edited by Adrianna Kezar and Daniel Maxey
contributions by Joanna Drivalas, Malcolm Brown, KerryAnn O'Meara, Lauren DeCrosta, Richard Allan Gillman, Nancy Hensel, David A. Salomon, William Plater, R. Eugene Rice, Leslie Gonzalez, Aimee LaPointe Terosky, Daniel Maxey, Adrianna Kezar, Elizabeth Holcombe, Ann E. Austin, Andrea G. Trice, William T. Mallon and Arleen Arnsparger
Rutgers University Press, 2016
eISBN: 978-0-8135-8102-6 | Cloth: 978-0-8135-8100-2
Library of Congress Classification LB2335.7.E68 2016
Dewey Decimal Classification 378.122

The institution of tenure—once a cornerstone of American colleges and universities—is rapidly eroding. Today, the majority of faculty positions are part-time or limited-term appointments, a radical change that has resulted more from circumstance than from thoughtful planning. As colleges and universities evolve to meet the changing demands of society, how might their leaders design viable alternative faculty models for the future?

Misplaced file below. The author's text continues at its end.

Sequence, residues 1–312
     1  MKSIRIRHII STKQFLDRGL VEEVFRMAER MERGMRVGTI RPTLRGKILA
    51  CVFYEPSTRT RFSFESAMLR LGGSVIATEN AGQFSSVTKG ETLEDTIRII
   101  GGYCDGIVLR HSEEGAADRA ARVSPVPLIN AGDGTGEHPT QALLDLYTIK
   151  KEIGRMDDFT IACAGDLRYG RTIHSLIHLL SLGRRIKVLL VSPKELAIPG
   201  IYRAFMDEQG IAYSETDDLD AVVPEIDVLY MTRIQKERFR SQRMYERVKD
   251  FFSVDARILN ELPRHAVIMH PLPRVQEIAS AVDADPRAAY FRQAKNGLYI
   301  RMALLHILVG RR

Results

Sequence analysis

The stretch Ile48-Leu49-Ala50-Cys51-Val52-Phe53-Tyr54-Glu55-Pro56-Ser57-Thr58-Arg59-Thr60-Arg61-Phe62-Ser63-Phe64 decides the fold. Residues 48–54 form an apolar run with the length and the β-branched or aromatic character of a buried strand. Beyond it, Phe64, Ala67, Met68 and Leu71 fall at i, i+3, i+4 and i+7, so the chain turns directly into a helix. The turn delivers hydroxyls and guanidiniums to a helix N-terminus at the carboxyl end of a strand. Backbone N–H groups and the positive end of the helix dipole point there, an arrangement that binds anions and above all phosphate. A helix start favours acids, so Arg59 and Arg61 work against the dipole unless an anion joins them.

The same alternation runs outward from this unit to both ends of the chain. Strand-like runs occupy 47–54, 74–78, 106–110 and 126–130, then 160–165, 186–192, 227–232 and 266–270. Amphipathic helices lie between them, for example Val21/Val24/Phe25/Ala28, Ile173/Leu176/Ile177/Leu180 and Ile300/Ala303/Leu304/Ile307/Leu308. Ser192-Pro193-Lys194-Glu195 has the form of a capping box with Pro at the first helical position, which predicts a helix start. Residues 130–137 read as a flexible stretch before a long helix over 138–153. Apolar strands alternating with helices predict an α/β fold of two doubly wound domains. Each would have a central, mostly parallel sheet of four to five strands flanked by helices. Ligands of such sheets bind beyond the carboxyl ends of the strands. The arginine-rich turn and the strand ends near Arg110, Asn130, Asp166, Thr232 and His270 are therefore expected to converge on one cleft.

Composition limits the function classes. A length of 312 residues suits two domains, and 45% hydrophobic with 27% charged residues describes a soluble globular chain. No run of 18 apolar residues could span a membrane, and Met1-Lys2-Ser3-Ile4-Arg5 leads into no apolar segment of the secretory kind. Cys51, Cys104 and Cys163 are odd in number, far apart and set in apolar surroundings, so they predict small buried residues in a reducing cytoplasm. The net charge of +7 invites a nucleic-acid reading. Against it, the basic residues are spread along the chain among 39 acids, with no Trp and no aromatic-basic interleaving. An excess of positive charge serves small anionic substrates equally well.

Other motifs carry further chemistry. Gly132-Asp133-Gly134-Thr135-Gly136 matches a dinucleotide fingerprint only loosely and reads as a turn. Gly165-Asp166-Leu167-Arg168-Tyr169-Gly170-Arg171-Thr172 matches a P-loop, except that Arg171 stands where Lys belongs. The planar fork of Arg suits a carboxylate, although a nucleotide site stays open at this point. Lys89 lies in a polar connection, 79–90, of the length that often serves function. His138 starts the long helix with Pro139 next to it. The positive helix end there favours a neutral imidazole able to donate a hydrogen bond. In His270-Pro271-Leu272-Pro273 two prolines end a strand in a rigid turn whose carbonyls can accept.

Envisioning the Faculty for the Twenty-First Century weighs the concerns of university administrators, professors, adjuncts, and students in order to critically assess emerging faculty models and offer informed policy recommendations. Cognizant of the financial pressures that have led many universities to favor short-term faculty contracts, higher education experts Adrianna Kezar and Daniel Maxey assemble a top-notch roster of contributors to  investigate whether there are ways to modify the existing system or promote new faculty models. They suggest how colleges and universities might rethink their procedures for faculty development, hiring, scheduling, and evaluation in order to maintain a campus environment that still fosters faculty service and student-centered learning. 
Even as it asks urgent questions about how to retain the best elements of American higher education, Envisioning the Faculty for the Twenty-First Century also examines the opportunities that systemic changes might create. Ultimately, it provides some starting points for how colleges and universities might best respond to the rapidly evolving needs of an increasingly global society.